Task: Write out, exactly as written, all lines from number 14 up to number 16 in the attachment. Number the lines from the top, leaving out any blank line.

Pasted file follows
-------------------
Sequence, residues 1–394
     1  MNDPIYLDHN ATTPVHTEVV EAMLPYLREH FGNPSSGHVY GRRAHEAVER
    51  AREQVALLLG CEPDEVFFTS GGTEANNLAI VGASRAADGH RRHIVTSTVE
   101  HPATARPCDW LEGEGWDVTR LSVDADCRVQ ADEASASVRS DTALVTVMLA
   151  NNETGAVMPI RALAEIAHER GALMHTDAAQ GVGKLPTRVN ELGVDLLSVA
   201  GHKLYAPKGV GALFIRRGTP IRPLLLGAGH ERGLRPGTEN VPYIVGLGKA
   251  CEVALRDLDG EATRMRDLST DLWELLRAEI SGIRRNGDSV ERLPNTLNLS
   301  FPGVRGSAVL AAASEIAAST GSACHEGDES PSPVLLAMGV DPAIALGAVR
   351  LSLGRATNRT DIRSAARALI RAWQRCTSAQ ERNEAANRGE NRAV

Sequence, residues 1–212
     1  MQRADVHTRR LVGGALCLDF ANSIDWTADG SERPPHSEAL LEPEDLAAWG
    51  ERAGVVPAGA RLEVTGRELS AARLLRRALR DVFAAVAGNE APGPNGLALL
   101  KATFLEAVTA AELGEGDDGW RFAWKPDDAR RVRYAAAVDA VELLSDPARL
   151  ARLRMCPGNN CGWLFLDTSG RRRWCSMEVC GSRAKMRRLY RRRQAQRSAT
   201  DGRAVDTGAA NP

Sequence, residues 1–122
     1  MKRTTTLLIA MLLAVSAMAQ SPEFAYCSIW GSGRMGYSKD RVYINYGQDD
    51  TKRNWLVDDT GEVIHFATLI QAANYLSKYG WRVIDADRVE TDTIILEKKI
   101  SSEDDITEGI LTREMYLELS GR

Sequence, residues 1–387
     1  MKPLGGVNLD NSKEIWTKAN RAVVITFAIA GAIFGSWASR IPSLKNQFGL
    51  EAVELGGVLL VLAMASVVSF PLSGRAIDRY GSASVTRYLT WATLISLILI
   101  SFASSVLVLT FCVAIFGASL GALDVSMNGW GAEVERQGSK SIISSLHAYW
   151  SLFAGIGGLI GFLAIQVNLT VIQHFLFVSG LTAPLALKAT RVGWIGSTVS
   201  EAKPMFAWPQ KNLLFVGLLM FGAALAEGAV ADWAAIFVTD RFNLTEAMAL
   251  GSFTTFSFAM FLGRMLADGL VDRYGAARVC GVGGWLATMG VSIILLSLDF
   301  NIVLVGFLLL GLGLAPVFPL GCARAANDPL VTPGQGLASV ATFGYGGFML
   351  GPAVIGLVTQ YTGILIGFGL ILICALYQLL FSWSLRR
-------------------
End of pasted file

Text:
   151  ARLRMCPGNN CGWLFLDTSG RRRWCSMEVC GSRAKMRRLY RRRQAQRSAT
   201  DGRAVDTGAA NP

Sequence, residues 1–122